The Continental Congress opened its sessions, beginning in 1774, with prayer delivered by a clergyman. In 1776, regular chaplains were authorized and subsequently appointed by Congress. In 1778, Congress provided an annual salary for the chaplains. In 1787, Congress adopted the Northwest Ordinance, for the governance of the Northwest Territory. Article 3 proclaimed:

“Religion, morality, and knowledge, being necessary to good government and the happiness of mankind, schools and the means of education shall ever be encouraged.”

The intent of the First Amendment was to make government neutral among religious sects, not neutral between religion and non-religion. Professor Charles Rice, in his book, “The Supreme Court and Public Prayer,” noted:

“…the public life of the American states was based upon the unapologetic conviction that there is a God who exercises a benevolent providence over the affairs of man. This is not to say that all Americans then recognized God or that there was agreement on all the details of His attributes. But those who assert that the First Amendment was designed to prevent the government from recognizing God and praying His aid, it can rightly be said that they will have to find evidence for their claim elsewhere than in the history of the period prior to 1787.”

In his book, “The Culture of Disbelief: How American Law and Politics Trivialize Religious Devotion,” Yale law professor Stephen Carter argues that in recent years religious devotion has been mistakenly trivialized in public life. Because the United States was founded on the concept that our very liberties come from God, any official banning of God from the public square delegitimizes the basis upon which we believe in other people’s rights.

Sociologist Peter Berger notes that India is the most intensely religious country in the world and Sweden the least. He declares that America “is a nation of Indians ruled by an elite of Swedes.” Fortunately, the five member majority on the Supreme Court who upheld public prayer in the case of Town of Greece v. Galloway are not of that number.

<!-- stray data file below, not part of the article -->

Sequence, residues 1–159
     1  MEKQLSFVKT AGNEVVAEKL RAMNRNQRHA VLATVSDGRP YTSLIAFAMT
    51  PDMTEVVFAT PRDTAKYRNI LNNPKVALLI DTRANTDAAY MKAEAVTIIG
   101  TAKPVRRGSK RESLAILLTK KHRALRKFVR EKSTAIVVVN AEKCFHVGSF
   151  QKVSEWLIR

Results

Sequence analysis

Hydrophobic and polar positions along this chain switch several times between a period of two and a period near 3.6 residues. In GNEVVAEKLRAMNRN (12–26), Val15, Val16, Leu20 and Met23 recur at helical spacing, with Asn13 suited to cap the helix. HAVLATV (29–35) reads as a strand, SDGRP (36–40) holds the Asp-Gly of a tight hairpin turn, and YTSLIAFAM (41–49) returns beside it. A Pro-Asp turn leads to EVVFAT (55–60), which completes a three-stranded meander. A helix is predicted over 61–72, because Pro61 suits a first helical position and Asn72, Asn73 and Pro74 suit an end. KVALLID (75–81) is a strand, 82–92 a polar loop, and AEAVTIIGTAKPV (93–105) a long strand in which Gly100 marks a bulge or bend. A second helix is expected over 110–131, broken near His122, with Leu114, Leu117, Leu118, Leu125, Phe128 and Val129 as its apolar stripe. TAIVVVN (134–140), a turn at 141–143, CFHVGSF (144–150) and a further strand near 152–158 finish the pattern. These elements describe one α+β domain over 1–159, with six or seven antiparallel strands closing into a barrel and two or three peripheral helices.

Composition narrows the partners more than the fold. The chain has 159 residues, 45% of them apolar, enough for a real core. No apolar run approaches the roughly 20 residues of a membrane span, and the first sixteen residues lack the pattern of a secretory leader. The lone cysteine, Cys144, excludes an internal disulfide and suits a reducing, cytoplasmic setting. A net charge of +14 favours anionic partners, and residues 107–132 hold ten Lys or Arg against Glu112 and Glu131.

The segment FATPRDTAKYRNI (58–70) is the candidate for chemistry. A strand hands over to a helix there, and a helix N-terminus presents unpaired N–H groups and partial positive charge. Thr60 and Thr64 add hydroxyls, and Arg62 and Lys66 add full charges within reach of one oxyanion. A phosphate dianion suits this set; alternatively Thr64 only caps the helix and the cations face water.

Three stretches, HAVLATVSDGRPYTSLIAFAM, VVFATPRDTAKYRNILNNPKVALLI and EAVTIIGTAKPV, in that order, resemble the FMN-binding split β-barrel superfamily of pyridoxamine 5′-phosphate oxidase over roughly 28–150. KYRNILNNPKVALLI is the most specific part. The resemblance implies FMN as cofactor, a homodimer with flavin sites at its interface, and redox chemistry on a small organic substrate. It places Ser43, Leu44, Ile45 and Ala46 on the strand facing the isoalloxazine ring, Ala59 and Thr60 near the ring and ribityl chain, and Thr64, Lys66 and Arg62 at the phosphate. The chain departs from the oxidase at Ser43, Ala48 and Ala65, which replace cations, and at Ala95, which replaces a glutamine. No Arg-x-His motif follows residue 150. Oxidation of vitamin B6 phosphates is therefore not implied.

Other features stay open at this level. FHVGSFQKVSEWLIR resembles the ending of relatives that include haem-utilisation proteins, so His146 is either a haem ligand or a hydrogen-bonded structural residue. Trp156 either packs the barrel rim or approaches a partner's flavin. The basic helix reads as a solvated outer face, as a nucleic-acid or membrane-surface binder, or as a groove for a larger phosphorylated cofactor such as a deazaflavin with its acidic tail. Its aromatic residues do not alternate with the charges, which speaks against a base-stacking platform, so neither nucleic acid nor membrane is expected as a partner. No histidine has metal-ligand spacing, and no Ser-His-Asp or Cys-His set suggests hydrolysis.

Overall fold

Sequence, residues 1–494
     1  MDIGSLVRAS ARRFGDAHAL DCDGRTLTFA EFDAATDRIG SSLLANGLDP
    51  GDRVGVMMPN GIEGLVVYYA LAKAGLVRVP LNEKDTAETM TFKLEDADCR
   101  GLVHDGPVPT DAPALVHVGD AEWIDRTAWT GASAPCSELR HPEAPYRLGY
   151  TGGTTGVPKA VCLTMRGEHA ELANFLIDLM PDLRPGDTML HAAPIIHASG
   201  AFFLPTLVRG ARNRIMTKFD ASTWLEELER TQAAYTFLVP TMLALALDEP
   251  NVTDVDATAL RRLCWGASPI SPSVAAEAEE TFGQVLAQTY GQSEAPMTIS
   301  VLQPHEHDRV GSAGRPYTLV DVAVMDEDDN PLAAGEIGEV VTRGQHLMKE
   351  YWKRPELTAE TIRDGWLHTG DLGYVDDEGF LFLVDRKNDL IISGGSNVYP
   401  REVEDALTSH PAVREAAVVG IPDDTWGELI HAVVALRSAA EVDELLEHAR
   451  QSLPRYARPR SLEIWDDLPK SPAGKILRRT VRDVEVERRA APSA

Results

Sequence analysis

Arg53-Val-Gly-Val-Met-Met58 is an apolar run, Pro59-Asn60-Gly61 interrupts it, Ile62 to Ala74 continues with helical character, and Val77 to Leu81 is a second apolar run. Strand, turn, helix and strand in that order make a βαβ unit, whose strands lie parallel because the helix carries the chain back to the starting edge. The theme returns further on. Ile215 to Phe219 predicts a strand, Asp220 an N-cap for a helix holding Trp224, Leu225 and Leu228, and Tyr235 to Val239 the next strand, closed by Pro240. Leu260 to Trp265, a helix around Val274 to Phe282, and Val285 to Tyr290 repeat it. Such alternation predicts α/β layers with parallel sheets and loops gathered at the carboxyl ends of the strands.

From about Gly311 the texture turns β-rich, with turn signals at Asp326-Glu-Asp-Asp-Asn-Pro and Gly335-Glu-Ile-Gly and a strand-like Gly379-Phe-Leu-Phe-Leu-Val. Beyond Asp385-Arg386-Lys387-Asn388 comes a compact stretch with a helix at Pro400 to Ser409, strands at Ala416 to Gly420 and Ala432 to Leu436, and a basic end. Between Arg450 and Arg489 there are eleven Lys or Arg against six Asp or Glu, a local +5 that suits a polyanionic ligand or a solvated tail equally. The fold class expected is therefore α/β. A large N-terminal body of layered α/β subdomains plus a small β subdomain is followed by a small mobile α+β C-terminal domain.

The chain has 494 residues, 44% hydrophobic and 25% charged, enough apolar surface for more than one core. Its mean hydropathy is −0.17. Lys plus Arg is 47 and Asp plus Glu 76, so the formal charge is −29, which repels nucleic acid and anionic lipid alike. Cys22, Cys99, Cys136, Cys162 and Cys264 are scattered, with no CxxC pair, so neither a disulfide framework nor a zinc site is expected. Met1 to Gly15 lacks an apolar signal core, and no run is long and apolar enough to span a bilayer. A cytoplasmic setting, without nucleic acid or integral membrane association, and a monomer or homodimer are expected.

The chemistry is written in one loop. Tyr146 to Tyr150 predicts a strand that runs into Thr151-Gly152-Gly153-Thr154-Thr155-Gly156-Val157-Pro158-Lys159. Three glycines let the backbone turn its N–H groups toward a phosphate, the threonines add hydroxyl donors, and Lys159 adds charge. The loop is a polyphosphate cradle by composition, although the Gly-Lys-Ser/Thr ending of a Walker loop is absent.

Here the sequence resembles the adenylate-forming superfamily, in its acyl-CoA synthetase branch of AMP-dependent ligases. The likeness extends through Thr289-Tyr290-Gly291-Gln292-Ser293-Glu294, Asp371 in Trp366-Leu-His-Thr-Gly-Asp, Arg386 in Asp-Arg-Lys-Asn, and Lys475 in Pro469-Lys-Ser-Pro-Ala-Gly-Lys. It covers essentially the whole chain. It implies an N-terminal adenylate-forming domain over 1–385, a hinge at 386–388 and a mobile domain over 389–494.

As Justice Kennedy declared for the majority:

“As a practice that has long endured, legislative prayer has become part of our heritage, and tradition, part of our expressive idiom, similar to the Pledge of Allegiance, inaugural prayer, or the recitation of ‘God save the United States and this honorable court’ at the opening of the court’s sessions.”

It is unfortunate that four justices found the idea of public prayer, somehow, to be in violation of the First Amendment. This indicates that controversy over the role of religion in our public life will continue. But there is little doubt where the authors of the First Amendment would stand on this question, as the Court’s majority seems to understand very well.

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Allan C. Brownfeld
Received B.A. from the College of William and Mary, J.D. from the Marshall-Wythe School of Law of the College of William and Mary, and M.A. from the University of Maryland. Served as a member of the faculties of St. Stephen's Episcopal School, Alexandria, Virginia and the University College of the University of Maryland. The recipient of a Wall Street Journal Foundation Award, he has written for such newspapers as The Houston Press, The Washington Evening Star, The Richmond Times Dispatch, and The Cincinnati Enquirer. His column appeared for many years in Roll Call, the newspaper of Capitol Hill. His articles have appeared in The Yale Review, The Texas Quarterly, Orbis, Modern Age, The Michigan Quarterly, The Commonweal and The Christian Century. His essays have been reprinted in a number of text books for university courses in Government and Politics. For many years, his column appeared several times a week in papers such as The Washington Times, The Phoenix Gazette and the Orange County Register. He served as a member of the staff of the U.S. Senate Internal Security Subcommittee, as Assistant to the research director of the House Republican Conference and as a consultant to members of the U.S. Congress and to the Vice President. He is the author of five books and currently serves as Contributing Editor of The St. Croix Review, Associate Editor of The Lincoln Review and editor of Issues.